Dr. Julia Azari, associate professor and assistant chair of Political Science in the Klingler College of Arts and Sciences, discussed Wisconsin’s reputation as a battleground state in elections and how it will not last forever. “We’re in a really competitive era. That tends not to be the normal status quo. Normally, one party sort of dominates,” Azari said, adding that she suspects the GOP post-Trump is “likely to go through long periods where it has a lot of trouble winning national majorities but remains very strong where it’s strong (the Deep South, the interior West, parts of the Midwest).”

Story appeared in the Milwaukee Journal Sentinel, Aug. 10, 2020

Azari also spoke with Milwaukee Magazine for an Aug. 10 story about ranked-choice voting. 

Prof. Peter Rofes, professor of law, discussed the ethics of Lane Ruhland, an attorney for Trump's reelection campaign, submitting nominating papers for Kanye West's candidacy to the state Elections Commission. "I don't accept the proposition that any effort to get a candidate on the ballot is directly adverse to the campaign of any other candidate already on the ballot," Rofes said.

Story appeared in the Milwaukee Journal Sentinel, Aug. 7, 2020

University announces plans for fall, Commencement cancelation
The Milwaukee Health Department has approved the university’s plans to reopen in the fall. The plans, which are designed to adhere to mandatory health guidelines with regard to the pandemic, will consist of a hybrid of in-person and online classes. The university also announced the difficult decision to cancel in-person Commencement events for the year. The decision was made in the most prudent interests of public health, including event capacity limits and travel restrictions that made it unfeasible to host an in-person ceremony.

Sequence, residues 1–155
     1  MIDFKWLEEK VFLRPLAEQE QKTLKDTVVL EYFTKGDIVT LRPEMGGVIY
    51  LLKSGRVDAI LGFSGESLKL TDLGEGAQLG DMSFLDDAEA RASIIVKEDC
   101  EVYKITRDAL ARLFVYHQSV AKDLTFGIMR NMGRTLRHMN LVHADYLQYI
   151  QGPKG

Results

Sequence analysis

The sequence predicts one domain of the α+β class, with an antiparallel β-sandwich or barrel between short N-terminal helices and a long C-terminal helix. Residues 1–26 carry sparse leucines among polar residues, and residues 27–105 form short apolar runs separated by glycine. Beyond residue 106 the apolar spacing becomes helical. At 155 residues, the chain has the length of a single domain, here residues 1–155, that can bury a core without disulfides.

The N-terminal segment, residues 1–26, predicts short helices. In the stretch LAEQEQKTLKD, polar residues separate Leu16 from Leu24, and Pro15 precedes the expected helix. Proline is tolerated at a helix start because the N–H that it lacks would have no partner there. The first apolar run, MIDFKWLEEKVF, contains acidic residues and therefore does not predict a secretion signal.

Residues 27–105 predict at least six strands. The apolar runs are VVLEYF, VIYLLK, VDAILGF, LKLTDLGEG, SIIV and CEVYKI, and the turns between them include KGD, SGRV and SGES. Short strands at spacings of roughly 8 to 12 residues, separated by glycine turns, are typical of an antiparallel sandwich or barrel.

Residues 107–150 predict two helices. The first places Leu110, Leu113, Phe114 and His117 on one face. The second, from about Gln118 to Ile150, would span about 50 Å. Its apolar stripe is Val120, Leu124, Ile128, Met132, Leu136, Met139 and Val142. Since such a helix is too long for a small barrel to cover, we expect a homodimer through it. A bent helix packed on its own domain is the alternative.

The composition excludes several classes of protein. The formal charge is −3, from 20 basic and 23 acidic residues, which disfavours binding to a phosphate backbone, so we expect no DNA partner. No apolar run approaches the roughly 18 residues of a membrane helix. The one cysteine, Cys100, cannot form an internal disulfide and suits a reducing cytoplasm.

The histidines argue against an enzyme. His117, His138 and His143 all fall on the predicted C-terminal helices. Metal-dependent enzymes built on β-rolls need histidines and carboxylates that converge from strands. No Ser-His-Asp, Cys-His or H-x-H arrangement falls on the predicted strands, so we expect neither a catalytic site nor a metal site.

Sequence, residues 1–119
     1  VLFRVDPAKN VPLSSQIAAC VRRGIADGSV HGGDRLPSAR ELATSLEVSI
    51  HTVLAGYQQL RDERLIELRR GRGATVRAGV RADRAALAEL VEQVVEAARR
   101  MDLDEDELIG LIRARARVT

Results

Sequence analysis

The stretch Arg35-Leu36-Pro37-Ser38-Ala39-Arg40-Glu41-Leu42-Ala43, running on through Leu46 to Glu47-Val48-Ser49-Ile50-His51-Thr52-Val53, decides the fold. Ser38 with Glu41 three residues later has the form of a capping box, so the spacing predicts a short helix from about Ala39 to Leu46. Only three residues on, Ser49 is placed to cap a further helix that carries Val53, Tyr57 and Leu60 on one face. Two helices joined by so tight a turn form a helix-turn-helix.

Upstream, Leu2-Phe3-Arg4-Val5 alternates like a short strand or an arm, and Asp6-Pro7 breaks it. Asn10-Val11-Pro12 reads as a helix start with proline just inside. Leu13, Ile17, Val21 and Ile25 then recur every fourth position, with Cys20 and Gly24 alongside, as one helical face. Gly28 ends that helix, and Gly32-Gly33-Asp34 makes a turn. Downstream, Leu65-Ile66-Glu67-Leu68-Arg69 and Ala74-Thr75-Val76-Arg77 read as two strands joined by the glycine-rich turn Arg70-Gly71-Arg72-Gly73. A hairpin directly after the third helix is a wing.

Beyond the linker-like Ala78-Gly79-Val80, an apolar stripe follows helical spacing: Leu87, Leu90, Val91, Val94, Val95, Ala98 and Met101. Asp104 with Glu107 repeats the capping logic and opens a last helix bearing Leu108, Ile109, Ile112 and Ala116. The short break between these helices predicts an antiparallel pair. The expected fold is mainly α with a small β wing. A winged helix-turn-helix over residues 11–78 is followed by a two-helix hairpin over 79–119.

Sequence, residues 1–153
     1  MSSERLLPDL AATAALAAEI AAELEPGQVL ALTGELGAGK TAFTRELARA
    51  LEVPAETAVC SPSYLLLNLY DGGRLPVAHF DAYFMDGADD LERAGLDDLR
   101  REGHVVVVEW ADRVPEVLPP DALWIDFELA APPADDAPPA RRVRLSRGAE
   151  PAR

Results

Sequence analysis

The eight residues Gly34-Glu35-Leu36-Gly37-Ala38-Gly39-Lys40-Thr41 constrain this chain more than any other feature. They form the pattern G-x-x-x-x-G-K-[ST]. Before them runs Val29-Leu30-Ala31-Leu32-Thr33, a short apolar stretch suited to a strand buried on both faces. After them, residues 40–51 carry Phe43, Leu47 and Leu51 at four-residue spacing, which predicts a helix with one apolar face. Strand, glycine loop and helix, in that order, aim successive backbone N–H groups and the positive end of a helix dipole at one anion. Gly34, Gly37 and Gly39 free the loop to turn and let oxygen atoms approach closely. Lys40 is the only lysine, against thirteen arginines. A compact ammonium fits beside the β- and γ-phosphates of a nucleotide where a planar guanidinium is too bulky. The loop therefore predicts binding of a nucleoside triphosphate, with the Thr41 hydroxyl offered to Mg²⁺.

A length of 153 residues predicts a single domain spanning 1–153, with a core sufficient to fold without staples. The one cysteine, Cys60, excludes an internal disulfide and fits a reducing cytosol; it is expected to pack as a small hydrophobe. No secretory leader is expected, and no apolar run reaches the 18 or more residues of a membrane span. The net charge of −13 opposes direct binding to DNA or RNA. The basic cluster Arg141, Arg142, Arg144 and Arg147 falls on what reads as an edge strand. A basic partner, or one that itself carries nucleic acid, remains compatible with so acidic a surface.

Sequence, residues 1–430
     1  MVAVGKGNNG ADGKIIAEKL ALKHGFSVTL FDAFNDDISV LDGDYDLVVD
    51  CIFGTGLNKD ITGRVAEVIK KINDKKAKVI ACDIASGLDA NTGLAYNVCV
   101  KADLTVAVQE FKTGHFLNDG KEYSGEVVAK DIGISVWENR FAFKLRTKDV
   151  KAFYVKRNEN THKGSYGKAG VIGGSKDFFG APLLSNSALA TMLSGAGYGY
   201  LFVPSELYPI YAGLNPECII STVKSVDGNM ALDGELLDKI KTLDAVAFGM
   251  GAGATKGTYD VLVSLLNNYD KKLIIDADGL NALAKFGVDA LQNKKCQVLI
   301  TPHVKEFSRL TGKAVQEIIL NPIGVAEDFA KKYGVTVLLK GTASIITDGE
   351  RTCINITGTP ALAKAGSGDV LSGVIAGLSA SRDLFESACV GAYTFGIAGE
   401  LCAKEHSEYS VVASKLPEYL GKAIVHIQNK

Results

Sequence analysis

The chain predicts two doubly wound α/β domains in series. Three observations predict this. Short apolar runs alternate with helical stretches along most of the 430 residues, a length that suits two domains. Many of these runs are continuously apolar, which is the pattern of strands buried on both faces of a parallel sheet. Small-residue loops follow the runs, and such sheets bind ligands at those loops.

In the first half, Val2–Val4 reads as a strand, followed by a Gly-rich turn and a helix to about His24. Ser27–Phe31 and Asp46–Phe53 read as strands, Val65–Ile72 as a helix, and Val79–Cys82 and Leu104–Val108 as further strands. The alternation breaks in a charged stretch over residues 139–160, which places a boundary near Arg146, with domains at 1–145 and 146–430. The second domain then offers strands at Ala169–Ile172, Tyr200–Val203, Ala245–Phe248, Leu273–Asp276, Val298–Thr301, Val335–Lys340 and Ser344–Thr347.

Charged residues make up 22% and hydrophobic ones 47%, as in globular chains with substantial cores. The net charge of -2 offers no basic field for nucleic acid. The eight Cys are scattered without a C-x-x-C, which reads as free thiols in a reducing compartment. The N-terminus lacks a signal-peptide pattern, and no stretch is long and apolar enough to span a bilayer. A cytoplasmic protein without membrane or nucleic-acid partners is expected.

Story aired on WISN-TV (ABC 12), Aug. 5, 2020

Similar stories appeared on or in the Milwaukee Journal SentinelWITI-TV (FOX 6)WTMJ-TV (NBC 4)WDJT-TV (CBS 58)Spectrum NewsWall Street Journal, Aug. 5-6, 2020 

Andrew Hunt, director of the Center for Real Estate in the College of Business Administration, discussed how Milwaukee-area malls are adapting to the challenges presented by the pandemic. "The consumer now cares about safety and convenience, more than ever," Hunt said. "The shopping centers who can do that are the ones who continue to do well during the pandemic, but certainly after it,” adding that it is important for malls and shopping centers to notify shoppers about the steps being taken to keep consumers safe, with updated signage and social media.

Story appeared in the Milwaukee Journal Sentinel, Aug. 7, 2020

Dr. Callie Chiroff, clinical assistant professor of nursing, spoke about the nonprofit organization she created, “Project Bubaloo,” after her infant son Theo passed away due to complications from a rare congenital heart defect. "I wanted to do what I could to honor Theo's life and bring a voice to congenital heart disease that I thought was lacking in the community," Chiroff said. "It's because we are moving forward and it's because of the advances that we're seeing these kids live longer and healthier lives.”

Story appeared in the Milwaukee Journal Sentinel, Aug. 10, 2020